“Eulogy” or “Love Letter to a Dead Dog Walking”

I begged for you for years. Actually, I begged for any dog for years. For a while, there, I begged for a beagle, until I was told that they howled and dug up the yard. Then, towards the end, I begged for a Shetland sheepdog; a little girl, to be named Daisy. At the last, it came down to three (all Shelties): A Philly; a Molly; and you.

I watched them bring you into the foster house from outdoors, you surrounded by a canine sea of frisky little noisemakers. Small as you are, you loomed over them, shy and silent. You sat quiet as we petted you, and followed meekly as we led you out for an experimental walk. Out of the three, you were the only one who didn’t bark and jump and terrify my sister. You were ours.

It seemed stressful for you, your first arrival at your new house. Not as stressful as the obedience classes, of course; all those bothersome dogs with no sense of personal space, one of whom drove you to your first and only growl. But you pushed through and graduated, then promptly eschewed every useless thing you’d half-learned out of your head. You really are a Shipley.

You used to leap at squirrels, until you got tired of never getting farther than the leash. You used to hop onto the couch and hope we somehow wouldn’t notice. You used to rear up with delight at the thought of a treat, and lean back into a stretch with a yawning sound of excitement. But almost never a bark.

We supposed barking had been beaten out of you by your previous owners – apparently with a camera, since any attempt to capture your image had you heading for the hills. A good decade together, and we’ve got only a handful of photos, the best of them taken lately, with you too blind to tell what we were up to.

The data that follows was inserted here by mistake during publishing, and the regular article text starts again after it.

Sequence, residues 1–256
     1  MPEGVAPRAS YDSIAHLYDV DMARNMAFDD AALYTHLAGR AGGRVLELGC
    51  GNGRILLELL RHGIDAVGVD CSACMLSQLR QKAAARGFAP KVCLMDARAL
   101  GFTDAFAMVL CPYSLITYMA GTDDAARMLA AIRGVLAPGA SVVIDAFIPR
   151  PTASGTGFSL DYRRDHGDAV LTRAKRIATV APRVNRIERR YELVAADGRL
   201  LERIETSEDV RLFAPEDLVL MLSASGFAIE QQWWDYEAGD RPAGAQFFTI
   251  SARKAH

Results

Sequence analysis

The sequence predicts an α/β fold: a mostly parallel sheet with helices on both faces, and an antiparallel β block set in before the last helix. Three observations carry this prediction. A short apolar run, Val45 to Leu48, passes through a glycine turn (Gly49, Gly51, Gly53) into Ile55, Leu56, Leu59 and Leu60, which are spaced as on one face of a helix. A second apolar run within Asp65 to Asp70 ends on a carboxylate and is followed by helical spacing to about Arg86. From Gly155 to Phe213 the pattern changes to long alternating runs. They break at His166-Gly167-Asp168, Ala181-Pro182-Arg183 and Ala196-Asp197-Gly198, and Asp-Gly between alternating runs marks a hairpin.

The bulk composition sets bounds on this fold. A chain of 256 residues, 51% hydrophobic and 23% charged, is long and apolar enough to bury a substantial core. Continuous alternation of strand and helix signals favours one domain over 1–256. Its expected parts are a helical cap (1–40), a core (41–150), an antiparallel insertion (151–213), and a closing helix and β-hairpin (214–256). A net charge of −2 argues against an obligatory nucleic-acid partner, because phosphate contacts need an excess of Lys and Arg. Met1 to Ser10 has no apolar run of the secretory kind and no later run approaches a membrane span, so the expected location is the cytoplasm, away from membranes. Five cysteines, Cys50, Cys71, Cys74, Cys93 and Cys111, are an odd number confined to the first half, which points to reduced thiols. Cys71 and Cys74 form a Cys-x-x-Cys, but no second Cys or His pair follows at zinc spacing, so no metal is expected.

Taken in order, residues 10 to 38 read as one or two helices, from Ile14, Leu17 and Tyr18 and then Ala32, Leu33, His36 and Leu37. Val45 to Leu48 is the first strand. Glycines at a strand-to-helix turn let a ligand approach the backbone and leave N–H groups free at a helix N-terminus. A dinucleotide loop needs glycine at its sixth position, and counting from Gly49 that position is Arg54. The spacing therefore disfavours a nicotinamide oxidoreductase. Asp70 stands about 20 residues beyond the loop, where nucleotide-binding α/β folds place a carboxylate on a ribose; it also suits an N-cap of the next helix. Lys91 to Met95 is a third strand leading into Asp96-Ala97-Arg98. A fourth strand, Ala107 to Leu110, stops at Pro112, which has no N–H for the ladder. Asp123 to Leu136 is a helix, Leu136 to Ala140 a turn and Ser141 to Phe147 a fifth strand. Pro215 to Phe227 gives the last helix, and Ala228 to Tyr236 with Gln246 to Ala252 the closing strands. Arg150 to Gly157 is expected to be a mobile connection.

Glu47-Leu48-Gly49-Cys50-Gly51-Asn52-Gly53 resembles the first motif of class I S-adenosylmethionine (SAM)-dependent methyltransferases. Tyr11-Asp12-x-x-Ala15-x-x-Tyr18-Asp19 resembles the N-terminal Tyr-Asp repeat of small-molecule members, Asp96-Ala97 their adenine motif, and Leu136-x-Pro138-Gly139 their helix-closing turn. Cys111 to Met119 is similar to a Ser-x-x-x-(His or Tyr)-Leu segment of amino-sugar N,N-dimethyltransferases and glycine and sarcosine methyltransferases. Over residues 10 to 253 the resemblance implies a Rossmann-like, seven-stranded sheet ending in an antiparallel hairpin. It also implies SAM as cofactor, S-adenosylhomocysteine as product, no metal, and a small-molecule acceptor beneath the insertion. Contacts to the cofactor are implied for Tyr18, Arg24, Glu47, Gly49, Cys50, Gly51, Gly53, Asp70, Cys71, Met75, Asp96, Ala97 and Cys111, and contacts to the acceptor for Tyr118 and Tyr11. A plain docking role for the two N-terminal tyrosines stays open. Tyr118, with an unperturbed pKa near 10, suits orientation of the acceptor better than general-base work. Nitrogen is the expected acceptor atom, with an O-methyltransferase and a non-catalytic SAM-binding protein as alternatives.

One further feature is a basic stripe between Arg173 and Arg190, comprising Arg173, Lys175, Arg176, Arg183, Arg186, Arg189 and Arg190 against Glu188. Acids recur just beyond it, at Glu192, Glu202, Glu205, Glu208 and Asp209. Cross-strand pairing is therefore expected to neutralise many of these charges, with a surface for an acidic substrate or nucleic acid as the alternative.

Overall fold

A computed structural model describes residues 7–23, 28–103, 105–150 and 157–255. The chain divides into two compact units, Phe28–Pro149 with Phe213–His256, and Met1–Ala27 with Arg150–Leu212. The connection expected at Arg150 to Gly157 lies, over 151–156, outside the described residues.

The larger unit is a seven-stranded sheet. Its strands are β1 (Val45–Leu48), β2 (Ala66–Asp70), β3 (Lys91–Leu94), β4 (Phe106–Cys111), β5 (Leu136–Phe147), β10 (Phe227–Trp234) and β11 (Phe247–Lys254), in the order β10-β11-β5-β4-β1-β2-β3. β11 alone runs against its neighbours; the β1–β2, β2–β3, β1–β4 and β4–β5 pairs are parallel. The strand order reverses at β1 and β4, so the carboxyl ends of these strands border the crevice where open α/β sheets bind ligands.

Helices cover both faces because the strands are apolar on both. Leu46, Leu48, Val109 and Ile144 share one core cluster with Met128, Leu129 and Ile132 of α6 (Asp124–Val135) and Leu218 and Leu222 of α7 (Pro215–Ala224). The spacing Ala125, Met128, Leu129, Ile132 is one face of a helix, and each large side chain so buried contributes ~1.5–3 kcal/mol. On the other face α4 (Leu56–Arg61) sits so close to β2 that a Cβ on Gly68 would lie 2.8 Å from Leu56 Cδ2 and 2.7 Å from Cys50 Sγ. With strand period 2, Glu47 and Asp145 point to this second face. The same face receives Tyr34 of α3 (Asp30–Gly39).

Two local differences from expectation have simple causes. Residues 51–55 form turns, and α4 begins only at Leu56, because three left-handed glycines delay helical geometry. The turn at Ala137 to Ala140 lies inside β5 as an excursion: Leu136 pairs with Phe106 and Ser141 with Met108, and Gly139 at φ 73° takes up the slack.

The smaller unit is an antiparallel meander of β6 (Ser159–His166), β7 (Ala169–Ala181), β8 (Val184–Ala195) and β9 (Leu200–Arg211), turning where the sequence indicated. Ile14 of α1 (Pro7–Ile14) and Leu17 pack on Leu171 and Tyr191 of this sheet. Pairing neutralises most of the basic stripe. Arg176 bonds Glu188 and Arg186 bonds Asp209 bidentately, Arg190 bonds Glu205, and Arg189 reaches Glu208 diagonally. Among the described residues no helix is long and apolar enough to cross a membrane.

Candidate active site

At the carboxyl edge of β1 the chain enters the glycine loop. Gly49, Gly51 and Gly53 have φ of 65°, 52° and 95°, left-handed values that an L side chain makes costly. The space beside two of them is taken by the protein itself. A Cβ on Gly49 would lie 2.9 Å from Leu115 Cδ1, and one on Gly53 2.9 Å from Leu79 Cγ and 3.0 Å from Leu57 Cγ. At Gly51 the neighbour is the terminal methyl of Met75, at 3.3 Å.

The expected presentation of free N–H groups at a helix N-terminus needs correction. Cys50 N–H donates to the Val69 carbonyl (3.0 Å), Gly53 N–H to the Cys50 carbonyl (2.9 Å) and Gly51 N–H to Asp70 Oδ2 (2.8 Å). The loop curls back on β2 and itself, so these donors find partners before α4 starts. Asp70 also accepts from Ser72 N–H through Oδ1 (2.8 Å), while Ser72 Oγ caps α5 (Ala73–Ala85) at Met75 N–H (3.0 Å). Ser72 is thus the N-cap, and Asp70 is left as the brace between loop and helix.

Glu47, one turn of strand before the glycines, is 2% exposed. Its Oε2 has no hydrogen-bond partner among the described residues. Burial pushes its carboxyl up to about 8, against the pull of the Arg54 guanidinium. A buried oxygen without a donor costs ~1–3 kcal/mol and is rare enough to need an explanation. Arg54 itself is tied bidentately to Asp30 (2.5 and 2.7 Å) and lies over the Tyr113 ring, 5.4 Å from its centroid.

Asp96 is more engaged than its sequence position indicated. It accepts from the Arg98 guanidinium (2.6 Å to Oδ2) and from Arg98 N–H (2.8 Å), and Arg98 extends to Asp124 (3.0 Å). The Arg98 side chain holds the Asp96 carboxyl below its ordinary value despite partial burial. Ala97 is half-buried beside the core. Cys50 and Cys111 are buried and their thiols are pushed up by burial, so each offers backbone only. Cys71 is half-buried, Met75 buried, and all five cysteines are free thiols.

You can’t seem to see much of anything, now. Or hear. Or stand on our slippery wooden floors, never mind take the stairs like you used to. What is there left for you to do, now that your dog years stack up past a hundred? Not much, except that one last act, and you refuse to do that easy – out of stubbornness, I swear it. Such a Shipley.

All those times you got underfoot and tripped us up… All those times you left a puddle or a pile or got sick… All those times you wandered in confusion from the driveway and I had to hunt you down and bring you back… I won’t miss those times; the times that made me grumblingly wonder when you’d hurry up and die.

I will miss those times you’d sit there and smile at us. Those disgusted looks you gave us that expressed so much, clear as speaking. That way you always seemed to know exactly what we were saying about you, and snort with appropriate derision. You and your opinions; no wonder your articles were the popular ones in our family newsletter.